Printers are the worst. They’re unreliable, they guzzle reportedly $12,000-a-gallon ink, and their manufacturers have been known to use dirty tricks, scare tactics, and DRM to strongly encourage you to buy cartridges exclusively from them.

Whoa! Strong but true. What prompted this? Well it seems…

Some of Canon’s own toner cartridges are now being detected as fakes — and they’re forcing the company to teach customers how to bypass its own DRM (via Techdirt).

Wild. You can read more about that here: Canon printers now think Canon’s own toner is fake – The Verge.

I have always wondered why printers are in the sorry state they are. While they are common, they are almost seen as a dead end technology. People don’t write about new printers the way the write about new smartphones. They are seen as a necessary evil in many cases. No one in Silicon Valley is coming along to disrupt the printer business.

I remember when IBM spun off their printer division into a company called Lexmark. And I can remember over a decade ago Kodak made printers with cheap ink. Now when I go into a computer store, those brands aren’t there. It’s the Canon’s and HP’s of the world that are making printers and presumably making money from them. Perhaps the only way to make a go of printers is to make them poorly. Which is sad.

On the five different levels of hype

In tech we often talk about the hype curve. When we do, we don’t distinguish the degree of hype we are talking about. This piece does exactly that: The five Levels of Hype. I hadn’t thought about it before, but the hype of marketing a new product is a different thing than the hype of a new technology. To see what I mean, see this chart from the article:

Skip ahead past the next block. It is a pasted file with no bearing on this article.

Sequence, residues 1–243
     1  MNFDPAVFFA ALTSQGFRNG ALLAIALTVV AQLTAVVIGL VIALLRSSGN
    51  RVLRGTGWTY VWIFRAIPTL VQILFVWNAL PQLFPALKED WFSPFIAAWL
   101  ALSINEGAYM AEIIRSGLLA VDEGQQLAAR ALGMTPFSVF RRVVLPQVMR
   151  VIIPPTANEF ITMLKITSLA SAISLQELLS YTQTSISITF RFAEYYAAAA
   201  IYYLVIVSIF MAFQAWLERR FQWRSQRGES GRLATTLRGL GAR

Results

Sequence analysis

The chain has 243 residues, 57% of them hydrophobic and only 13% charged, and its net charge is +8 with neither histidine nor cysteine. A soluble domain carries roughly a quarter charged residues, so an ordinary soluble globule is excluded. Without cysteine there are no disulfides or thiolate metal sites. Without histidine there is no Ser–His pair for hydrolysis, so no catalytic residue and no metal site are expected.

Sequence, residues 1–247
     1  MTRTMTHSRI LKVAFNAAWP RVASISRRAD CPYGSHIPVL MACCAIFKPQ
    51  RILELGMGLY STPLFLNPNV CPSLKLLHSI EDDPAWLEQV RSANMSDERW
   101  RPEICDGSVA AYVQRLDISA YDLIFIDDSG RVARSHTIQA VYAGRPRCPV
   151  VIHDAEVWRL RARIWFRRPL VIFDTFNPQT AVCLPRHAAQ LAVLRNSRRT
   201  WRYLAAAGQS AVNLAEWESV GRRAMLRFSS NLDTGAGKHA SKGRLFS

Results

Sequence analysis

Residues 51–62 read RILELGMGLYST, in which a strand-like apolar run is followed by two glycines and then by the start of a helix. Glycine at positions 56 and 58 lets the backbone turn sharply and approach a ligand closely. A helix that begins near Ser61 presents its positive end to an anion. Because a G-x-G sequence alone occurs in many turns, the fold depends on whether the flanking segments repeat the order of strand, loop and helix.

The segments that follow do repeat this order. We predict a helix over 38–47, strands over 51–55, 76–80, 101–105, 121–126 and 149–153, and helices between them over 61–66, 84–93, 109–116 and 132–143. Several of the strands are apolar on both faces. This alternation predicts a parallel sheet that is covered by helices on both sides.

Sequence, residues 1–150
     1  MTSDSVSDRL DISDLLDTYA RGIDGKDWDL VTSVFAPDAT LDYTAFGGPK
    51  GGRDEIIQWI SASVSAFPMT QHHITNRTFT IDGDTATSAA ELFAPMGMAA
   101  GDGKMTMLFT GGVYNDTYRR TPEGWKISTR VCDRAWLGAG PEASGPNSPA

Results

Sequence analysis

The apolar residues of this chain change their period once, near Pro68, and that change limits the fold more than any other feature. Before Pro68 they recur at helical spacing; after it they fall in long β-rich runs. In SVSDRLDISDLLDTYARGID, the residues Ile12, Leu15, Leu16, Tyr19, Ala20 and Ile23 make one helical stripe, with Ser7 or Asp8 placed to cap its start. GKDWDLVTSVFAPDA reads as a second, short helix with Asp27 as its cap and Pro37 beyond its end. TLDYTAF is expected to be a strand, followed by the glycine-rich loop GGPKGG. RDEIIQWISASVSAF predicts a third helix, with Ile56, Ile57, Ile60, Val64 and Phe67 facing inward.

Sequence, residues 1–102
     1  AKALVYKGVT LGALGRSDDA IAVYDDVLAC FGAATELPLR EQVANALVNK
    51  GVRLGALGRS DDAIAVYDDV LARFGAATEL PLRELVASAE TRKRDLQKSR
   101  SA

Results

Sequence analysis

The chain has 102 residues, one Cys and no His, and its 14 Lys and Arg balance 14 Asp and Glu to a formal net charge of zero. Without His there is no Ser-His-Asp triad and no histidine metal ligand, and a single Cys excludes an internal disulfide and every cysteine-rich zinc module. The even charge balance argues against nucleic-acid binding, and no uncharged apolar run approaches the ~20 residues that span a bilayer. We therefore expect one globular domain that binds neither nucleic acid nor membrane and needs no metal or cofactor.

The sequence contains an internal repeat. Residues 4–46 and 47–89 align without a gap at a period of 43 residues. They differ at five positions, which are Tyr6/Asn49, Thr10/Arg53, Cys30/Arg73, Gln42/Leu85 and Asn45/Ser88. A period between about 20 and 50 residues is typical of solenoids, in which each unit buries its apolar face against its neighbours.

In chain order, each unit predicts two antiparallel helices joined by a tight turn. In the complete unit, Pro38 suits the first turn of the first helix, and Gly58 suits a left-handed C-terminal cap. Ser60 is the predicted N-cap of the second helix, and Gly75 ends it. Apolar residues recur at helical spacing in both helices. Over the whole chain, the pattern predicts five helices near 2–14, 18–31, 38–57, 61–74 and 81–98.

Much of the hype we are seeing around cryptocurrencies are up there in level 4 and 5. But this isn’t restricted to just that technology.

A good piece. Anyone familiar or referencing with the Gartner Hype Curve should read it.

New New York: the plan to expand Manhattan

One thing I like about Americans is their desire to dream big. This is easily demonstrated in this New York Times piece about expanding Manhattan.

It’s a smart idea. Is it doable? I don’t know. I do know that the cost of shoring up Manhattan to deal with global warming is going to be a big one. Why not use real estate and additional taxes to do that? Read the article and see what you think.

1980s me would have laughed at the idea of expanding Manhattan, since so much of the existing island was unlivable. Amazing how much has changed.

On twitter and MLK Day

So yesterday was Martin Luther King Jr. Day in the US. I think it is great Americans celebrate the life and work of Dr. King, and I hope all Americans take the day to reflect and work towards a more perfect union inspired by his ideals and vision.

It’s always a weird day on Twitter, though. I think this Wesley Yang quote hits the nail on the head:

MLK said some stuff that radicals like to quote and other stuff that conservatives and moderates like to quote, and of course what made him what he was is the ability to hold these contrasting impulses in balance

It’s true: MLK did say some radical things and he also said some moderate things. Moderate people want to claim him for his own and ignore the radical things, and radicals do the reverse. He was trying to bring people together and to move civil rights forward. There was no one way to do that. So was he moderate or radical? It depended on the context.

It’s also a weird thing when someone or some organization references Dr. King and someone quote tweets that and says “oh by the way, they are hypocritical to says that for reasons A, B, and C”. It’s the nature of people to dunk on others on twitter: I feel it just feels like petty squabbling on a day we should aspire to better.

The other thing that seems to happen on twitter every year on MLK day are tweets stating how unpopular he was at one point.  As Gallup states: